Biblical languages as a spiritual discipline
Yesterday’s post, “The biblical languages in life and ministry,” sparked quite a bit of discussion. So, I thought it might be worth following up on that with a few more thoughts on the subject. Why bother with learning Greek and Hebrew? By the time you are done, you will have spent countless hours and probably a fair amount of money learning these languages. Was it worth it?
Martin Luther wrote a wonderful little tract titled “To the Councilmen of All Cities in Germany That They Establish and Maintain Christian Schools.” In it, he addresses the issue of why he thinks it is important to spend time learning the biblical languages (see relevant excerpts here). I thought we could use his ideas as a starting point for our own discussion.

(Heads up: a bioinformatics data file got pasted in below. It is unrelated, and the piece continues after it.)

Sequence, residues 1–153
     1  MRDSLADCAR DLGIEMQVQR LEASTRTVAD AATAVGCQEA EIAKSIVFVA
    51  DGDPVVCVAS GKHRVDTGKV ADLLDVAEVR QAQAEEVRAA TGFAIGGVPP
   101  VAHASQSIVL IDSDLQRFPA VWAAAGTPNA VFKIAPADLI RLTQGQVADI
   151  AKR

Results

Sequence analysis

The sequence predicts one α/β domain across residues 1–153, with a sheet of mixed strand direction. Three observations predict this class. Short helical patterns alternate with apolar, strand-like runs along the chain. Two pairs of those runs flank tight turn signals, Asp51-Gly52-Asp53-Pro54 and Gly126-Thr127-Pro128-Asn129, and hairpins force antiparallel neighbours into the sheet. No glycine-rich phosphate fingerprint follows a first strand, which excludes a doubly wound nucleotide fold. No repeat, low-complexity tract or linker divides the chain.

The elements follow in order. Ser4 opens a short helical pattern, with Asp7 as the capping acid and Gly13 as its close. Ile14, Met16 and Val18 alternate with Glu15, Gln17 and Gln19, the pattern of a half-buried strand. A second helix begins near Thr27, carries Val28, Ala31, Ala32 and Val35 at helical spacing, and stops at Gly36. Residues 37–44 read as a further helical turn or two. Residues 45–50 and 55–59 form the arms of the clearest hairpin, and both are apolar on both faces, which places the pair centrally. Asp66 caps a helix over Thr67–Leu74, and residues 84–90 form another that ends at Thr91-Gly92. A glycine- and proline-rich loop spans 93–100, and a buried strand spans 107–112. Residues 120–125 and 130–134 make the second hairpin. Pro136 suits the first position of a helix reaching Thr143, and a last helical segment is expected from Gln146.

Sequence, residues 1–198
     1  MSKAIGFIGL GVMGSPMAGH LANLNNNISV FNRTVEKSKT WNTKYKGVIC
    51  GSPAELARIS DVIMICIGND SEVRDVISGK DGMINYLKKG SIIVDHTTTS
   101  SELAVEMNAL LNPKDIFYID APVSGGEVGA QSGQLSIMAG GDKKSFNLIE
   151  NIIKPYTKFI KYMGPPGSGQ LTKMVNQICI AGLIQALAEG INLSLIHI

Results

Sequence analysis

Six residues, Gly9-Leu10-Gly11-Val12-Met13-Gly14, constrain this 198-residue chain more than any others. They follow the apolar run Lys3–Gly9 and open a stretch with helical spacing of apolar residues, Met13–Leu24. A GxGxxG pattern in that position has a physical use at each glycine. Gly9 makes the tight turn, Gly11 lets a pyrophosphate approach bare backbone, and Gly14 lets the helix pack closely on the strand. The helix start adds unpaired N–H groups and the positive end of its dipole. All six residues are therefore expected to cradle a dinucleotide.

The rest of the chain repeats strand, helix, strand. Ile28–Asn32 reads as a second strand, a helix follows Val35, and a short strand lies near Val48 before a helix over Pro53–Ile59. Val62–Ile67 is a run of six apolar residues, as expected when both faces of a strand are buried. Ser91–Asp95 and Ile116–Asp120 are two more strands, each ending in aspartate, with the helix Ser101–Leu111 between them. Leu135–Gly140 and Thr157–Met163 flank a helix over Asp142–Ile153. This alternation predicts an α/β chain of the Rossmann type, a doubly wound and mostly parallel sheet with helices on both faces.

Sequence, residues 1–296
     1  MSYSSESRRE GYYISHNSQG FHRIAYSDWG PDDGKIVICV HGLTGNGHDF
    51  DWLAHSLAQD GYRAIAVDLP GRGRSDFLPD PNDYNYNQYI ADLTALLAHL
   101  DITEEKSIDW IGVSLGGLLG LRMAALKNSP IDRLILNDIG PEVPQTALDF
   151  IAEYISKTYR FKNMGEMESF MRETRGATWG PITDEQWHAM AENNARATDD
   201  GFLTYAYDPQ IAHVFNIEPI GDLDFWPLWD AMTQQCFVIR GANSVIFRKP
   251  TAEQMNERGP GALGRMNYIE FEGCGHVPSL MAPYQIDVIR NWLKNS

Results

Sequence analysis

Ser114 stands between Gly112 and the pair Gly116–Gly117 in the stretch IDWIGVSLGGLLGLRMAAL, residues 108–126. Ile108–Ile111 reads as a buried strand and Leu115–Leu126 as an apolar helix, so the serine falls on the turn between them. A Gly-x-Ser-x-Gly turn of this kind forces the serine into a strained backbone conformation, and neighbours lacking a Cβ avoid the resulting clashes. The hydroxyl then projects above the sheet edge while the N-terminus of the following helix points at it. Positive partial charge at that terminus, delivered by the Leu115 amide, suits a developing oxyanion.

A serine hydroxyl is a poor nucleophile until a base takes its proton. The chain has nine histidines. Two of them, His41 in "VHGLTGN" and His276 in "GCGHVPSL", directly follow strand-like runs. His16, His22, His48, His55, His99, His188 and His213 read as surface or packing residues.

First, Luther is very clear that there is a pragmatic need for learning the languages; it makes us more effective students, teachers, and preachers.
A simple preacher (it is true) has so many clear passages and texts available through translations that he can know and teach Christ, lead a holy life, and preach to others. But when it comes to interpreting Scripture, and working with it on your own, and disputing with those who cite it incorrectly, he is unequal to the task; that cannot be done without languages.
And, he continues with a fabulous statement about the importance of the languages for powerful preaching:
Therefore, although faith and the gospel may indeed be proclaimed by simple preachers without a knowledge of languages, such preaching is flat and tame; people finally become weary and bored with it, and it falls to the ground. But where the preacher is versed in the languages, there is a freshness and vigor in his preaching, Scripture is treated in its entirety, and faith finds itself constantly renewed by a continual variety of words and illustrations.